Buddha bowl-inspired lunch box offerings: Simplicity is key in the art of mindful eating


  • Food News
  • Friday, 15 Sep 2017

Wholesome ingredients turned into rice bowls with culinary influences from around the globe - what Meraki Kitchen is all about.

They're a food trend that popped up everywhere online last year – we’re looking at you, Pinterest – but Buddha bowls show no sign of letting up in the popularity stakes.

And when you’re getting a hearty bowlful of a comparatively healthy carb like quinoa or brown rice, topped with vegetables and maybe some lean chicken or fish – what’s not to like?

The borrowing of the Buddha’s name traces a loose connection – according to the authors of Buddha’s Diet, Dan Zigmond and Tara Cottrell, Buddha was more about eating mindfully, rather than any actual dish.

He did eat from a bowl though, and so possibly that’s why the connection to healthful, mindful eating was drawn.

“Buddha woke up before dawn every morning and carried his bowl through the roads or paths wherever he was staying. Local people would place food in the bowl as a donation, and at the end he would eat whatever he had been given,” Zigmond told epicurious.com.

“So that was the original Buddha Bowl: a big bowl of whatever food villagers had available and could afford to share. It was probably pretty healthy, since Buddha lived before the age of cheap processed food, but it was also probably pretty simple, maybe rice and a simple curry.”

Inspired by that simple dish, local lunchbox delivery service Meraki Kitchen drops off brown cardboard boxes – rather than bowls – of that same hearty simplicity every day, at RM16 a box. Inside, you’ll find a base of multi-grain rice – likeable not only for its higher fibre content, but also its nice bite and fragrance – or occasionally pasta.

lunch box
Wholesome ingredients turned into rice bowls with culinary influences from aorund the globe - thats what Meraki Kitchen is all about. - Meraki Kitchen

This is topped with everything from sesame-roasted tofu, shredded vegetables and roasted potatoes to ginger cabbage slaw and spicy chickpeas, with chicken as the protein of choice right now. It’s done in a different style every day – grilled or roasted or curried – so there’s no sense of monotony. And depending on the offered dish, you might drizzle your rice bowl with Thai peanut curry, sesame sriracha cream sauce, or a simple herbed garlic dressing.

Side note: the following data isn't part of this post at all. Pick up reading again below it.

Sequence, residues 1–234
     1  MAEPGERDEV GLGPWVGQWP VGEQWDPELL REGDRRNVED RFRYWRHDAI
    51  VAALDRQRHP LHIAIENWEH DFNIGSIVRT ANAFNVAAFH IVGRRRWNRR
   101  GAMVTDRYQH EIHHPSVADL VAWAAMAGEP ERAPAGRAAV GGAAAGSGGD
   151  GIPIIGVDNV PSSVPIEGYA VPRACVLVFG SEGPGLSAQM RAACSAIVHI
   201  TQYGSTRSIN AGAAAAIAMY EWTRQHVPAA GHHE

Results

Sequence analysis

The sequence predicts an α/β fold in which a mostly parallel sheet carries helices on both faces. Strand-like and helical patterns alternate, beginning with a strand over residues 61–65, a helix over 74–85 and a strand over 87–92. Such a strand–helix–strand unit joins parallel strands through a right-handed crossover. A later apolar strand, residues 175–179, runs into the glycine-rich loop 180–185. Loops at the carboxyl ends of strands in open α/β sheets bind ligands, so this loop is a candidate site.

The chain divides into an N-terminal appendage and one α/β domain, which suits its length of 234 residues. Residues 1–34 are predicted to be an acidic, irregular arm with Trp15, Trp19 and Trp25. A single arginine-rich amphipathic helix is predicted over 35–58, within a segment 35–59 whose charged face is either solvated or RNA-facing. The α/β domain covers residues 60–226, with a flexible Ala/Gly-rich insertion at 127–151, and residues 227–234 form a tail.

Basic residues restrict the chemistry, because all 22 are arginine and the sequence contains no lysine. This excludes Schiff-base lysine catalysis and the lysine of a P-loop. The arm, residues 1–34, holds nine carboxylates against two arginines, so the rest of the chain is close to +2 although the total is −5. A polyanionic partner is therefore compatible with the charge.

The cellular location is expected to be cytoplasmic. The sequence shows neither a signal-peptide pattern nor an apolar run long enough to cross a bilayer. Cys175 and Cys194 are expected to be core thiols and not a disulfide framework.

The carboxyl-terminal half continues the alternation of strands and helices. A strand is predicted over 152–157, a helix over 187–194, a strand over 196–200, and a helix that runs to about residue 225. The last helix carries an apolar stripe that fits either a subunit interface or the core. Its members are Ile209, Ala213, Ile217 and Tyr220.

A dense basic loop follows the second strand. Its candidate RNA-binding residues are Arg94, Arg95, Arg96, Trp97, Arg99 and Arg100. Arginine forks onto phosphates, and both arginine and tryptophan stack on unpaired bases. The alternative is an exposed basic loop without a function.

Started by former high school friends Ronald Tee and Colin Lim, Meraki Kitchen is pork-free, uses no MSG, and all its ingredients are from halal vendors.

“Colin will only serve the same meals he would serve to his own family,” said Tee. “And we also try to source our ingredients locally as much as possible, to support local farmers.”

“I remember the times he would invite me to his house for lunch before our co-curricular activities – those were the early stages of us ending up cooking and eating together,” said Tee.

Driven by the dual motivations of passion for food and a desire to help people eat better, the duo contemplated setting up a food truck, but finances got in the way.

“At the time, Colin was delivering healthy meals to his girlfriend for lunch and lightning struck – we realised that maybe starting a small food delivery company would make better financial sense than a food truck,” said Tee.

“This way, we still had the opportunity to feed people with good food, no matter where they were and it was within our means.”

‘Meraki’ itself is a Greek word which encapsulates putting your whole soul into what you’re doing, fuelling an endeavour with passion – fitting for two healthy eating proponents.

Meraki Kitchen’s offerings show definite international influences, from the Thai Buddha Bowl to the Japanese-inspired Hibachi Rice Bowl, to the rice bowl inspired by bruschetta (no bread in sight)!

“It’s all based on our travels, the fact that Colin’s half-French, and our own curiosity and love of food!” said Tee. “We always believe in sharing our good experiences, and for us, it’s always through food.”

lunch box
Just order the night before, and you can pay cash on delivery or bank in the payment - making this a hassle-free option. - Meraki Kitchen

Meraki currently delivers about 120 meals every weekday – the fuss-free process sees customers ordering the night before delivery, which is between 11am and 2pm. Payment is via cash on delivery.

There’s free delivery to Bangsar, Damansara Heights, Sri Hartamas and KL Sentral; other areas in KL and PJ have a RM4 delivery charge, unless you order three or more boxes.

Check out the Meraki menu or order via Facebook (merakikitchenKL), message 017-368 9615, or email meraki.resources@gmail.com

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